Sookmyungians who entered after 2015 are required to do one of the following to qualify for graduation: double major, choose a minor, take advanced major specialty courses, or enroll in special courses by the Department of Convergence. Fellow Sookmyungian has been mulling over what to do. She has considered both double majoring and choosing a minor, but those equate to simply taking courses from other departments. Also, taking advanced learning courses would mean just taking more courses from her major’s department. However, she knows little about the Department of Convergence. Thus, for Sookmyungians like her who are unfamiliar with the department, The Sookmyung Times embarked on a journey to learn about it and the courses it offer.
What are Special Courses?
The Department of Convergence aims at sustainable Earth development and transdisciplinary cooperation and collaboration to meet contemporary and future societal needs. Other universities such as Yonsei University or Hankuk University of Foreign Studies have also established similar departments for similar reasons. By taking courses offered in this department, students receive two bachelor degrees. However, it is different slightly from double major. The special course is a major in which two or more related departments, divisions, or major provide relevant curriculum for a new major. For example, a person majoring in Arts and Cultural Management should take the courses of different departments to meet the double major requirement: ‘CULTURE, ARTS AND ECONOMICS’ from the Department of Culture and Tourism, ‘PRINCIPLES OF MARKETING’ from the Department of Business Administration, and ‘INTRODUCTION TO BROADCASTING’ from the School of Communication & Media (refer the picture on the left side). Once the person has completed all the course requirements, she is eligible for a degree in Arts and Cultural Management. Also, unlike general department, high school students may not apply for courses offered in the Department of Convergence or enroll in advanced courses offered by the department. Currently, Sookmyung offers 15 different specialty courses: Arts and Cultural Management, Big Data Analysis, Business Law Track, Counselling, Financial Engineering, Global Environment, Human Resource Development, Interdisciplinary Humanities, International Korean Education, International Trade, Narrative Writing, Public Service, Secretarial, Tax Accounting, Creative Contents and Technology. According to the College of General Education, which includes the Department of Convergence, 1202 students are presently taking special courses offered in the Department of Convergence. Among the courses being offered, the more popular ones are Tax Accounting (198 students), Narrative Writing (170), and Arts and Cultural Management (149). The Sookmyung Times, below, has organized information and data regarding opinions from students presently enrolled in these popular courses.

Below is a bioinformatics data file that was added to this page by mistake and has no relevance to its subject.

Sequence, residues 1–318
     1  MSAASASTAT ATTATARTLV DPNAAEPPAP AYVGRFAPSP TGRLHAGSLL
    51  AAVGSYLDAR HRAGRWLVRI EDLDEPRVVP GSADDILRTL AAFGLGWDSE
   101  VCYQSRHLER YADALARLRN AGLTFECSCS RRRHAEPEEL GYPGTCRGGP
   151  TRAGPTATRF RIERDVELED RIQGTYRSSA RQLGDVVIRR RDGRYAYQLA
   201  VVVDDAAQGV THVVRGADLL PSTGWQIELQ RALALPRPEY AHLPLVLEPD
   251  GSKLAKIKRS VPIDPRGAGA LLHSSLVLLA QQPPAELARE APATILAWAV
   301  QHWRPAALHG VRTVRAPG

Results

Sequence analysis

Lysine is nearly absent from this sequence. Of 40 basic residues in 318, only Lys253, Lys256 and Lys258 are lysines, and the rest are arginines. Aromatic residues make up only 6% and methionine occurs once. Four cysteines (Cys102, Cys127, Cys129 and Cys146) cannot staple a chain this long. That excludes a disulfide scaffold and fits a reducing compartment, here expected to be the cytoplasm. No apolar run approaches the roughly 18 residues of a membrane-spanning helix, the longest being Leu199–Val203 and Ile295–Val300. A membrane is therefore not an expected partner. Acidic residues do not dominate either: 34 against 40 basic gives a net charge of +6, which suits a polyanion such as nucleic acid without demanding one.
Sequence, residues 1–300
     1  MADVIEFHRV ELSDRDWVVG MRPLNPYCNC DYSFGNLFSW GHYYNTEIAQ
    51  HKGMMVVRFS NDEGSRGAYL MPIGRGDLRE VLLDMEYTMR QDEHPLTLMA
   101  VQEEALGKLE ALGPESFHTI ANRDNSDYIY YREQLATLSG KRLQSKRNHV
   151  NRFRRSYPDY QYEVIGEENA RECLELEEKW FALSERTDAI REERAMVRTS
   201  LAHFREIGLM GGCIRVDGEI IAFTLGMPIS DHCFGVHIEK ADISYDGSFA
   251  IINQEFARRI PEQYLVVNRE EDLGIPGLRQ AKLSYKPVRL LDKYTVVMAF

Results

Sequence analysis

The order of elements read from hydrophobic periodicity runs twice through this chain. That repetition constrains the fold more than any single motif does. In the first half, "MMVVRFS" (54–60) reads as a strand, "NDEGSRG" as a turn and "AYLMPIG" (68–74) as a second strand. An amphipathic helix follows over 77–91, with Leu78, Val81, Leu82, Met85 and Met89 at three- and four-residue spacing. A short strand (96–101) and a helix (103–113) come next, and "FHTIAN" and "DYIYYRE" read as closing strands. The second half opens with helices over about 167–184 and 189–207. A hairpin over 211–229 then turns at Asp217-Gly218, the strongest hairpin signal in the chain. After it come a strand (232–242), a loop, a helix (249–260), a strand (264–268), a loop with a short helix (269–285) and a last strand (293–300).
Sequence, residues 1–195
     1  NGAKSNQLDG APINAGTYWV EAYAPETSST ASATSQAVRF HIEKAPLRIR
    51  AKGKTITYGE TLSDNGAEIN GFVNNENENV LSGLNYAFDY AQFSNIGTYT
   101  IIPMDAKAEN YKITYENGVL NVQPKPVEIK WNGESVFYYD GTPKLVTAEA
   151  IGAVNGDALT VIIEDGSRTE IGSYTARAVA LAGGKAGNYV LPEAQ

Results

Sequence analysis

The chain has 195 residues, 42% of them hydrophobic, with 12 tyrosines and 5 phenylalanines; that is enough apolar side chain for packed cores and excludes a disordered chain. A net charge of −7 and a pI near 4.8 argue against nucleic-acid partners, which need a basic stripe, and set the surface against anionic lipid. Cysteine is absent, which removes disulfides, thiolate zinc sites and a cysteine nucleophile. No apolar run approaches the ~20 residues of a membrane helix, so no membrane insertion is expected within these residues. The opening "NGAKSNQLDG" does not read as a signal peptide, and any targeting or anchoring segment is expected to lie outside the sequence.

Popular Courses: Ranking Top 3
The course most sought after by Sookmungians is Tax Accounting. It provides students with much needed information on tax accounting in order to increase students’ employment rate in today’s competitive market, to increase students’ knowledge prior to attempting the national tax expert and accountant examinations, and to provide students with basic facts, theories, and data before applying for graduate school. Students who have taken the course are able to better qualify for positions in manufacturing, accounting, and fund management, and can even apply for positions such as investment analysts in company institutes of economics and investment relations. The second most popular course is Arts and Cultural Management. By fusing lecture and practical-based knowledge of culture and arts, the course cultivates human resource personnel capable of planning culture and arts education, culture and arts managers and administrators, and culture and arts staff at companies and public institutions. Students also become better prepared to take on more advanced roles in the field of public culture planning and cultural arts consulting. The third most popular course is Narrative Writing major. The global world’s culture industry is full of movies and dramas. The world needs experts who have keen creative senses in order to create software for a 21st century cultural industry, where the paradigm shifts from a political economy to a culture economy. The curriculum creates the foundation for professionals in various media fields by centring on creative storylines through practical activities based on theory. Kim Jieun, Department of English Language and Literature’ 15, who has taken Narrative Writing, said “I chose Narrative Writing because I am interested in daily writing. I also wanted to learn how to write better and create stories with good solid foundation by incorporating theory and practice.” In the Narrative Writing course, she had the opportunity to meet students from English Literature, French Culture, and German Linguistics. In other words, by enrolling in the course, she was able to meet and share ideas with a variety of other Sookmyungians from other departments.